They’re coming. All 5 billion of them. Are you ready? Facebook and six other companies — Ericsson, MediaTek, Nokia, Opera, Qualcomm, and Samsung — just announced that they are looking to connect 5 billion more mobile-phone users to the Internet.
Facebook Co-Founder and CEO Mark Zuckerberg’s new endeavor is hosted at Internet.org, where he states:
Today, the Internet isn’t accessible for two-thirds of the world. Imagine a world where it connects us all.
Parse, which Facebook acquired in April to boost its mobile development, announced a major milestone Thursday: 100,000 apps built on the platform. Parse CEO Ilya Sukhar announced this on the company blog:
We’re really proud to announce today that we’ve had over 100,000 apps built on the Parse platform, up from 80,000 apps at the end of April. We grew more in the last month than we did in our entire first year of existence!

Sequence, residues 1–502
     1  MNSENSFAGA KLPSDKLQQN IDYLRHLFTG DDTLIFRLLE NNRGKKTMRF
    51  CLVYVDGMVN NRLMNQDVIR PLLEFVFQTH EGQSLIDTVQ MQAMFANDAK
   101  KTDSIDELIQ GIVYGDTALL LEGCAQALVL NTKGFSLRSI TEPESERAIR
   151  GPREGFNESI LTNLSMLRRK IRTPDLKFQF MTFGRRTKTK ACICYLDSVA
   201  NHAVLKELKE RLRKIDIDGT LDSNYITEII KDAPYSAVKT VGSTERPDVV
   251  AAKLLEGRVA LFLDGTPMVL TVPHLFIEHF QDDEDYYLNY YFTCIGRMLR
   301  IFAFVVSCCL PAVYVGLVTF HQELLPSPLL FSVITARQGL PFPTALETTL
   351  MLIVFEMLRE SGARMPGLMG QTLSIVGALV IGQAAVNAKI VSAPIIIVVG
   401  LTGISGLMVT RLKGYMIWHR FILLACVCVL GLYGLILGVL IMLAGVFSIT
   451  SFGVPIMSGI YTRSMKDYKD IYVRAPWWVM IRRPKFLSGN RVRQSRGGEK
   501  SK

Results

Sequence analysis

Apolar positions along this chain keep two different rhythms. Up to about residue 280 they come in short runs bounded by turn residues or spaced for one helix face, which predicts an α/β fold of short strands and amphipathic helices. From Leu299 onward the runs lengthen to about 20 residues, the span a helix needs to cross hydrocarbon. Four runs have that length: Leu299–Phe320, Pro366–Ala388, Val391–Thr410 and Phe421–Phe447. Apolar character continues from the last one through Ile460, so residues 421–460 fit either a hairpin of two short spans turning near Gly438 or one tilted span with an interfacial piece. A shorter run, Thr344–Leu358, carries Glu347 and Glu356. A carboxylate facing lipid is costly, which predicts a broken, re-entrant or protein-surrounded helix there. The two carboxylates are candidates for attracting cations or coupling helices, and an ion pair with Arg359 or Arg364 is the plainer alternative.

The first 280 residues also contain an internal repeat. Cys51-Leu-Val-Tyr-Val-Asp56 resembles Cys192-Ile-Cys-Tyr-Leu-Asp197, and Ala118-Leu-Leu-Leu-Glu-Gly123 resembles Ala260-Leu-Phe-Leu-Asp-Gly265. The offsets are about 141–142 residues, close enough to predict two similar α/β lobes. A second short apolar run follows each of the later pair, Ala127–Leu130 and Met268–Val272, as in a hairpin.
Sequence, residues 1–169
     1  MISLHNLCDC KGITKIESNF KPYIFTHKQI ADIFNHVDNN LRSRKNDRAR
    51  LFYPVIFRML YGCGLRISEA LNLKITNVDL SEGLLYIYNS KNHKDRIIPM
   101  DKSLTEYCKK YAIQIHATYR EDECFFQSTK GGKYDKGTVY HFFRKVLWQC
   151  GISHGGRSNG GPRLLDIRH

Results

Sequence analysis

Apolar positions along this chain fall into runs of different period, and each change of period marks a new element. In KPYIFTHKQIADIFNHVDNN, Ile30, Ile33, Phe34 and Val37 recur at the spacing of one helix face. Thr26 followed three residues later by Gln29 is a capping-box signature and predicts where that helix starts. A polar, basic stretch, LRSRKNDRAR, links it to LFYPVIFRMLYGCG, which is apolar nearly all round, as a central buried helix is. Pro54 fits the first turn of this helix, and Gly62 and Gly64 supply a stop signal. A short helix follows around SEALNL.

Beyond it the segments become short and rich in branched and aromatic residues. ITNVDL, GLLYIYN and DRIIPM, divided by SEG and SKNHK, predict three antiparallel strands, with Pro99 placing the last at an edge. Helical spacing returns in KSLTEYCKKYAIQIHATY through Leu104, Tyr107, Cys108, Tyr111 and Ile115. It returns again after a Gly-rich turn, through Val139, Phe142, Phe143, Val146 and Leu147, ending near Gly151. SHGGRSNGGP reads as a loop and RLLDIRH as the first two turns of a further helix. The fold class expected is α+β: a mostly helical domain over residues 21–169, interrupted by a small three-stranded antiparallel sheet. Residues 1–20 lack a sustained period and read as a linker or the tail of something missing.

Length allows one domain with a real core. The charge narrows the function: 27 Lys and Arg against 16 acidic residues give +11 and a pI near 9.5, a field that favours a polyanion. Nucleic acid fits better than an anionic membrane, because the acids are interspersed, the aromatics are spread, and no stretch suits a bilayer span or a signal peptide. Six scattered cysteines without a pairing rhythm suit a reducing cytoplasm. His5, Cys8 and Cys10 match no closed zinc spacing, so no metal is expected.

It’s never been a more exciting time to work on Parse. We recently joined forces with Facebook and have accelerated on all fronts.
Parse has integrated with Facebook but still works independently. It is a cloud-based platform that provides tools for mobile app developers. Facebook purchased the company outright in April, in order to strengthen its mobile side. Parse offers backend services, data storage, social integration tools and other services so developers can build mobile apps on different platforms. Facebook’s mobile aim, after all, is to create the best experience, regardless of what kind of phone is in hand.
Facebook users have made it clear that they want more control over their privacy. The company’s investors said that repeatedly during Facebook’s first shareholders meeting, and the latest Android mobile app update shows that the site is working on more ways to get privacy controls in the users’ hands.
From the Android app, Facebook users can now change the privacy settings on any of their prior posts.
Previously, users could only control who sees posts they’re about to make from their Android app, but now people can go back to any post they’ve made and tweak the privacy settings.
As more Facebook users check their News Feed from their phone, the mobile app install advertisement is becoming the hottest trend for developers. But it takes more than just a screenshot of the app to get a user to download it.